Lindsay McMahon
"The English Adventurer"
Jessica Beck
"Director of IELTS Training"

Have you ever tried this?

When we tackle a huge problem, we can’t tackle every part of it, all at once.

The same with gigantic skills such as speaking, reading, writing and listening.

In our course, and in my classroom, this is how I approach learning- with simple, clear, step-by-step methods.

Basically, you need to isolate the skills, strengthen them individually, and then bring them together into a coherent whole.

On the IELTS Speaking exam, you are graded on 4 things: Fluency/Coherence, Vocabulary, Grammar and Pronunciation. Reading out loud, from texts written by native speakers for native speakers, actually improves all 4 of these speaking sub-skills!

How IELTS Fluency and Pronunciation Improve

When you read out loud, you are not worried about how to form a sentence in a grammatically correct manner, or which interesting vocabulary to use, or what ideas you should give more details about.

In this very simple activity, you are only focused on connecting your words in a fluid way, never saying “uh” or “um”, and adding some emotion (intonation and stress) to your voice.

In order to score highly for Fluency/Coherence, you must sound like it is not difficult for you to get the words out. If you hesitate, pause, use fillers, say “um and “uh” a lot, it does not sound fluent.

Also, to score highly for Pronunciation, you must sound interested  in what you are saying, putting emotion into your voice. If you do not use intonation and stress, and if there is no rhythm to your words, you cannot get a high score here.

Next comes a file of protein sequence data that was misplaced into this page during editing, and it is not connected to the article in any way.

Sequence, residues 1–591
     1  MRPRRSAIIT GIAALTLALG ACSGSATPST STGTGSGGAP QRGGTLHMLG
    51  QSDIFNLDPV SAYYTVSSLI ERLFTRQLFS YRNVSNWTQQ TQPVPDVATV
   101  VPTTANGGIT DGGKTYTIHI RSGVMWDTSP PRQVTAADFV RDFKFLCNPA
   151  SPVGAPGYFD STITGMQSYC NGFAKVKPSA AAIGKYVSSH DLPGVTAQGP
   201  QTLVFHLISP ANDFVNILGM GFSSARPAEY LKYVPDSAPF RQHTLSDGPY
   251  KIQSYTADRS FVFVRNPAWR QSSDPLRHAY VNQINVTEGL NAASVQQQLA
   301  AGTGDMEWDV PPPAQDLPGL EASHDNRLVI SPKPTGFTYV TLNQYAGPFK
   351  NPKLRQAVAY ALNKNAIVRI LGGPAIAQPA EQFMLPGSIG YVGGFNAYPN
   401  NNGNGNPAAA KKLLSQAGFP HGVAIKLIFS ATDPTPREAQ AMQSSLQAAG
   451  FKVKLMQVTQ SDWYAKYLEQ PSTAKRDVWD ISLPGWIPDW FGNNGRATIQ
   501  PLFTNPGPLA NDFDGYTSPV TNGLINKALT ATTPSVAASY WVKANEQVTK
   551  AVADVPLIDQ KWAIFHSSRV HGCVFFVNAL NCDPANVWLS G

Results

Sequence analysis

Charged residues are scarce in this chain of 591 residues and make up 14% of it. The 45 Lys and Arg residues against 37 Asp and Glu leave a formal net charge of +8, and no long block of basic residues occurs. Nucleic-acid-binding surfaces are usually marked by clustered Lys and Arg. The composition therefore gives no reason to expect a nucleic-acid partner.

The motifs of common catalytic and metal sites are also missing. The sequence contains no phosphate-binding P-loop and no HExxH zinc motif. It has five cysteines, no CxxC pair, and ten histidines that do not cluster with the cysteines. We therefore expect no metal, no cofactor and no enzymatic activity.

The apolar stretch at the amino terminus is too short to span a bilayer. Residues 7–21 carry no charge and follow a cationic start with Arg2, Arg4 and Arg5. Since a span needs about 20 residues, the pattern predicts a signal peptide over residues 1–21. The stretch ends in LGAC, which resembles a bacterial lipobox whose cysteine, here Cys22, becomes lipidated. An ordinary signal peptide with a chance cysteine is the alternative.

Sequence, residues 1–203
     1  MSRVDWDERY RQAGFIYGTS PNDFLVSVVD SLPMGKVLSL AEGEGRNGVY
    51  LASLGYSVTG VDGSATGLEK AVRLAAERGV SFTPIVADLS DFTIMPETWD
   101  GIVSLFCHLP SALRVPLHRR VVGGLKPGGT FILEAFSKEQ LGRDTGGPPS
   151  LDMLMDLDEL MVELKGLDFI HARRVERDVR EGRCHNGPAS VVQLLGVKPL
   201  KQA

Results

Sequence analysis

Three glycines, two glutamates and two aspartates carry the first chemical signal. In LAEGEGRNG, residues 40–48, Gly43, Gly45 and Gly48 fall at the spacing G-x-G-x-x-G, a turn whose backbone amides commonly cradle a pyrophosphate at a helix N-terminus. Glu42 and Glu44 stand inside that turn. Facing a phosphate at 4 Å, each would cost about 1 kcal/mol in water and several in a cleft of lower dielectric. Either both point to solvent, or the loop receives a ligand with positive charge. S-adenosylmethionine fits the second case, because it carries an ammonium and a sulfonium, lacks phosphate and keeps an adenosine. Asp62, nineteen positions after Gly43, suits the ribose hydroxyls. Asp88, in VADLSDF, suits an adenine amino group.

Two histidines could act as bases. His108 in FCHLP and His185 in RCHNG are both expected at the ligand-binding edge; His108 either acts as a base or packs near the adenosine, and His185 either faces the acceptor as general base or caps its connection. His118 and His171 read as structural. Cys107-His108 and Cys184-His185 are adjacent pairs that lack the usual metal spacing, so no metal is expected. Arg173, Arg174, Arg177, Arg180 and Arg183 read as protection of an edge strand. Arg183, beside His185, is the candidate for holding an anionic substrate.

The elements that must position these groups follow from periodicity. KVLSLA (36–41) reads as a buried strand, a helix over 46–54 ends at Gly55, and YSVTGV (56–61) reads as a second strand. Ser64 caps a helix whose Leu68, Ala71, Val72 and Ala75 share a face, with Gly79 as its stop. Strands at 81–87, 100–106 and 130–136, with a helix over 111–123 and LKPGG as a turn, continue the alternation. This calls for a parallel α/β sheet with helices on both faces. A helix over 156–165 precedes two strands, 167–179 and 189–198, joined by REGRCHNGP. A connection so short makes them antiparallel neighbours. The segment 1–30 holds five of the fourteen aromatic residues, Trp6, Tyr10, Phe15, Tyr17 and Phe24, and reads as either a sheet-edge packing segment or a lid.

Other Areas Will Also Improve

Of course, it is a no-brainer that reading high-level resources will improve your vocabulary.

Did you know that it also improves your grammar? The idea here is that the more often you see words and structures used correctly, the better you’ll remember how to produce them yourself.

Your reading comprehension will, obviously, gain from this activity as well. The more reading you do, the better.

I still remember something a professor told me once: “The best readers make good writers.” Again, the more you see and experience high-level ideas and expression, the more likely it is that you will be able to express yourself in these ways as well.

How To Read Out Loud

Simple! Free! Short and sweet!

  1. Choose a native speaker resource, such as a novel, or the New York Times.
  2. Read out loud, every night, for 5 to 10 minutes.

That’s it!

I’ve given this activity to students before, and I promise you, it works!

Do you have any questions about today’s advice?

Leave us a comment below!


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